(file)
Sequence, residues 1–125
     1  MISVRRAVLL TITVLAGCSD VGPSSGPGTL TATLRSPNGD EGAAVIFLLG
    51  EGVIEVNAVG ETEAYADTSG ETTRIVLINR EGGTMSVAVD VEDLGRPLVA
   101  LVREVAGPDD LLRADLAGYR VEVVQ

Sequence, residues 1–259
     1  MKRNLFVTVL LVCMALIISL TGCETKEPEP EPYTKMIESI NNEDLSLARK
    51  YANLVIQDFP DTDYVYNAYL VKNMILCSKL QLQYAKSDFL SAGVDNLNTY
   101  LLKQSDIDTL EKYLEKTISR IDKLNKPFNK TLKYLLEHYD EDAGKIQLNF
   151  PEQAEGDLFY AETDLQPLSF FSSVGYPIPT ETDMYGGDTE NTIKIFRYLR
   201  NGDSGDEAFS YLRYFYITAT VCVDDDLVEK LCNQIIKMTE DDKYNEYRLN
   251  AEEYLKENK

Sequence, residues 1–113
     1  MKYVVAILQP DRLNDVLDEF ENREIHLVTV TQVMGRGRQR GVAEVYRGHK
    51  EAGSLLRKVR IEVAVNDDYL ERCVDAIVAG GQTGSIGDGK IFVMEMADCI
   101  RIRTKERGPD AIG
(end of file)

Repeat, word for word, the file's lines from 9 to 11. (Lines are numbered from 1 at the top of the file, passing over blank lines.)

   151  PEQAEGDLFY AETDLQPLSF FSSVGYPIPT ETDMYGGDTE NTIKIFRYLR
   201  NGDSGDEAFS YLRYFYITAT VCVDDDLVEK LCNQIIKMTE DDKYNEYRLN
   251  AEEYLKENK